:FlagAm:

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I think we are getting too caught up in the term "Dance". It's just a term, and that's all it is. Call it whatever you like, unless you "Turn", "Twist", or "Dance"(if you will), your going to break the 170, Unless of course you are headed in the correct direction to prevent it, like a Right Hander walking to and facing his right.

 

If you are walking to, and facing your left, there's no way a Right Hander can pull his/her Cross Draw without breaking the 170. When facing down range, you still have to "Turn", "Twist", or "Do the Dance" (as it's called), or you will break the 170. Simple as that.!!!

 

We need to get over the word "Dance". It's just an expression. Has nothing to do with the actual wording in the rule book. It means simply positioning your body to where you can pull your Cross Draw, without breaking the 170. If you don't thusly position your body, you WILL break the 170.

 

RBK, who Twists, Turns, and Dances. Not necessarily in that order.

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I think we are getting too caught up in the term "Dance". It's just a term, and that's all it is. Call it whatever you like, unless you "Turn", "Twist", or "Dance"(if you will), your going to break the 170, Unless of course you are headed in the correct direction to prevent it, like a Right Hander walking to and facing his right.

 

If you are walking to, and facing your left, there's no way a Right Hander can pull his/her Cross Draw without breaking the 170. When facing down range, you still have to "Turn", "Twist", or "Do the Dance" (as it's called), or you will break the 170. Simple as that.!!!

 

We need to get over the word "Dance". It's just an expression. Has nothing to do with the actual wording in the rule book. It means simply positioning your body to where you can pull your Cross Draw, without breaking the 170. If you don't thusly position your body, you WILL break the 170.

 

RBK, who Twists, Turns, and Dances. Not necessarily in that order.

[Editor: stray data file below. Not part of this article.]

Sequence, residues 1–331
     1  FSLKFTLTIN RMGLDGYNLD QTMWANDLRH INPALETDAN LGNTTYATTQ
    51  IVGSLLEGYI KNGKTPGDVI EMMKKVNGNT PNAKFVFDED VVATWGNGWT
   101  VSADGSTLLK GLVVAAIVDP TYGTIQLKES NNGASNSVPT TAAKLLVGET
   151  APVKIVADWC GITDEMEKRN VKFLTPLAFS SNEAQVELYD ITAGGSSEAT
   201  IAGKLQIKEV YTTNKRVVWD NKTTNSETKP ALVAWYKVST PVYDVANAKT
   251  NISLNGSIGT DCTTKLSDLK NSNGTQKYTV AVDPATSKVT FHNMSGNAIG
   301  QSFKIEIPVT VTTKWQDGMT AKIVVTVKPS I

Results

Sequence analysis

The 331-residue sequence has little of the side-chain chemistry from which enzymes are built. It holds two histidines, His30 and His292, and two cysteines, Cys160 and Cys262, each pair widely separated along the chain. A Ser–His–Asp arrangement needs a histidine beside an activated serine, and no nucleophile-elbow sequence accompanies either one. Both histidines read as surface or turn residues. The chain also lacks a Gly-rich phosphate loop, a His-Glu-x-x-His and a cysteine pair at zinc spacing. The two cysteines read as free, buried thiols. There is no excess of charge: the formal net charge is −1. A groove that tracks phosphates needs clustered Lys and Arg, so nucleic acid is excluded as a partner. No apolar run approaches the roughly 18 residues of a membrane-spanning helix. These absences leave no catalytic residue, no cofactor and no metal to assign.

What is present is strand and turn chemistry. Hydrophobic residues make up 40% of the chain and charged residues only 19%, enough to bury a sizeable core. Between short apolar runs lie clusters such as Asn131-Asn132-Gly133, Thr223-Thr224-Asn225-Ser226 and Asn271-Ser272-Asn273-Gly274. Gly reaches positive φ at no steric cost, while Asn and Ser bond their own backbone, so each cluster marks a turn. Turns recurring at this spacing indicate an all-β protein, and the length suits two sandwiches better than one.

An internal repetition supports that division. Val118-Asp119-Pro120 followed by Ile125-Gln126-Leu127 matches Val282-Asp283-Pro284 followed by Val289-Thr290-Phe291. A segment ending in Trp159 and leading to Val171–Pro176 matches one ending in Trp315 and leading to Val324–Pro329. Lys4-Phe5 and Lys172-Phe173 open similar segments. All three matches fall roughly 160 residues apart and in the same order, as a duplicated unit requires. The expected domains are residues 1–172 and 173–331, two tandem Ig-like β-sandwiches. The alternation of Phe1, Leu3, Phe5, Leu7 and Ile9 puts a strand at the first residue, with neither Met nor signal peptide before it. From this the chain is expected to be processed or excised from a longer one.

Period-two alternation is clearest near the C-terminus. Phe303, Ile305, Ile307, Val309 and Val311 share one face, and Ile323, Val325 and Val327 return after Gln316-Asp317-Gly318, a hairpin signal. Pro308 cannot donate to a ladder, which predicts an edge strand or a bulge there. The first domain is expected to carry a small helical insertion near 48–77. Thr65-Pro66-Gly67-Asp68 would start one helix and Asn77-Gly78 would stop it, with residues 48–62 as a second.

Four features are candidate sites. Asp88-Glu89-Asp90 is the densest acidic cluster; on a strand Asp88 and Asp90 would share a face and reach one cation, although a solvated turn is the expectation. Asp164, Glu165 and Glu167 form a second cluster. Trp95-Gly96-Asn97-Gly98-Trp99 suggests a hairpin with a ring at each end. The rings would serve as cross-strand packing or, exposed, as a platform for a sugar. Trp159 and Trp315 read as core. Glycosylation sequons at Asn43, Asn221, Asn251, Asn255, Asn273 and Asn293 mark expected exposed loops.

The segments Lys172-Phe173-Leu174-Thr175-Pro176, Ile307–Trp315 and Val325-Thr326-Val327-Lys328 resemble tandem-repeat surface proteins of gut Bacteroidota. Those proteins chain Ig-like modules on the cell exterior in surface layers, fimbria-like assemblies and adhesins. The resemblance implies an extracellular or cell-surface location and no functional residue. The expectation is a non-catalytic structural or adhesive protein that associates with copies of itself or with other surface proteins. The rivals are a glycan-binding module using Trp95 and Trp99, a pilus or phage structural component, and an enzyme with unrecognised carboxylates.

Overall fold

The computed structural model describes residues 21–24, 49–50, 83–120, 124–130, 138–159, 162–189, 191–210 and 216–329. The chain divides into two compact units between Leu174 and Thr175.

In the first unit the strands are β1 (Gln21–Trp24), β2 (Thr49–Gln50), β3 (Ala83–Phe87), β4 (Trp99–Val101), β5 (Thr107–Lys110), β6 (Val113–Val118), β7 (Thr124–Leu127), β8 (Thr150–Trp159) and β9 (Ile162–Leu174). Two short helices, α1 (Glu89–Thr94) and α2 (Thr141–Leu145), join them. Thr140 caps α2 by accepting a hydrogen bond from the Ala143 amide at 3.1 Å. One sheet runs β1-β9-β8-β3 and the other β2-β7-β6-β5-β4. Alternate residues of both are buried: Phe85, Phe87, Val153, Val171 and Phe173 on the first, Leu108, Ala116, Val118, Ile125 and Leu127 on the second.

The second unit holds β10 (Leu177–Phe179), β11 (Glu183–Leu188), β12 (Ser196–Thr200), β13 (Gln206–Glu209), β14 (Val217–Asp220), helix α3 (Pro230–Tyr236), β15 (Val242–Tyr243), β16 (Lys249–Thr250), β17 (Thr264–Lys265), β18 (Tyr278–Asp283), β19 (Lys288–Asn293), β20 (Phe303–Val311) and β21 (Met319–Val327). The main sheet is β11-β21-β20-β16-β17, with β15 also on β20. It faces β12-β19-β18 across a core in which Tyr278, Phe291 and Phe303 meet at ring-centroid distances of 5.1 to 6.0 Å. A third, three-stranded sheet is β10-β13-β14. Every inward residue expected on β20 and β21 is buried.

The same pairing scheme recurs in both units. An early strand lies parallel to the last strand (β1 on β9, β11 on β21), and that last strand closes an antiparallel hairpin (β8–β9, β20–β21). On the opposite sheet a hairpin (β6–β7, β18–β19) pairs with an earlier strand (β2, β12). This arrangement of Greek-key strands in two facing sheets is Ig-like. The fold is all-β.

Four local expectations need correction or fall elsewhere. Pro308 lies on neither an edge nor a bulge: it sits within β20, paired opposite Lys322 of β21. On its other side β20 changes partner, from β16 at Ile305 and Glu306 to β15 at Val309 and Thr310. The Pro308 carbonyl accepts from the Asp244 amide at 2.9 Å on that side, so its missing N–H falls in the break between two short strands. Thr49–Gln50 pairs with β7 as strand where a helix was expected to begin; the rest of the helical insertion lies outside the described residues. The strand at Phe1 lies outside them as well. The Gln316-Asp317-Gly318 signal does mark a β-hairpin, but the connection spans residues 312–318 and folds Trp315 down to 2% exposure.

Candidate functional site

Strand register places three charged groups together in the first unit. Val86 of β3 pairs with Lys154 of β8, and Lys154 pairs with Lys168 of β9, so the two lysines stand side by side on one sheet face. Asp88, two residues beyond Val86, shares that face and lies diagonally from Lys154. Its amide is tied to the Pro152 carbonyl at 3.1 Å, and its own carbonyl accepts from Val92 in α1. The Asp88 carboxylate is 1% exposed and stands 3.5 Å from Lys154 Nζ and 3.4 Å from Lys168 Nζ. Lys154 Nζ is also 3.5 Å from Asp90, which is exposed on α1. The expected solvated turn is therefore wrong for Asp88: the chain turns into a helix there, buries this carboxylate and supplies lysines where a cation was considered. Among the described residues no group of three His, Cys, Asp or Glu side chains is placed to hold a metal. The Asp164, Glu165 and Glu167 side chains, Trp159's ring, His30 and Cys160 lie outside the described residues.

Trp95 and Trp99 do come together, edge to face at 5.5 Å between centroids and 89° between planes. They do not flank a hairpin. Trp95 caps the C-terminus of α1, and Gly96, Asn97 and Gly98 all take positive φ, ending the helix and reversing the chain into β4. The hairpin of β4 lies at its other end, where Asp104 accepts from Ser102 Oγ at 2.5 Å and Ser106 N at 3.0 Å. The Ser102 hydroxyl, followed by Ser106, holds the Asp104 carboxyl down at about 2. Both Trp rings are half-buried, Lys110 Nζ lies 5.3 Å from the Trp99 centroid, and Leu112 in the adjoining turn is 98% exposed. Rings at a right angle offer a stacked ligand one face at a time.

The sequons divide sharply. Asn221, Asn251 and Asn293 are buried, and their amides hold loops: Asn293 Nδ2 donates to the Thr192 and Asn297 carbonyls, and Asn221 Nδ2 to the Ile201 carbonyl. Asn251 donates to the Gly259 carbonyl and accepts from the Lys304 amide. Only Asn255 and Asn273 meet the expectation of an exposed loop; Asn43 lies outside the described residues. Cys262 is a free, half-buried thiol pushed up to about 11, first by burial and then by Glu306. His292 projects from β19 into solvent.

Tell ya what - know what yer talkin about before you talk. No DANCE, TWIST, TURN is REQUIRED!!!!!!

 

Oy!!!!

 

:wacko:

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Guest Cinch, SASS#29433

If I am the RO/Marshal I advise my posse to watch their muzzle and not to worry about dancing.

 

Okay now what if the right handed shooter moves left while wearing a stupid looking crotch draw rig and draws the right hand revolver :blink:

 

Funny how some folks wanna see dancing on a cross draw but don't think a moment if the shooter is wearing two of them... :huh:

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Ok Phantom, You tell us how you draw a Cross Draw pistol thats sitting on a holster pointed 180 to the rear of the firing line without breaking the 170. It cannot LEGALLY be done.

 

RBK

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Ok Phantom, You tell us how you draw a Cross Draw pistol thats sitting on a holster pointed 180 to the rear of the firing line without breaking the 170. It cannot LEGALLY be done.

 

RBK

A holster that's pointed 180 to the rear of the firing line isn't a legal hanging holster in the 1st place. A legally hanging holster (crossdraw or straight) worn properly can certainly be drawn from without turning.

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If I am the RO/Marshal I advise my posse to watch their muzzle and not to worry about dancing.

 

 

oh yeah!

a big AMEN

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Ok Phantom, You tell us how you draw a Cross Draw pistol thats sitting on a holster pointed 180 to the rear of the firing line without breaking the 170. It cannot LEGALLY be done.

 

RBK

 

180 degrees to the...what?????

 

Your understanding of crossdraws and how they can and are worn worries me for it's folks that have your understanding or lack of that leads to poor calls.

 

Perhaps you need to revisit the rule books.

 

Cheers!

:FlagAm: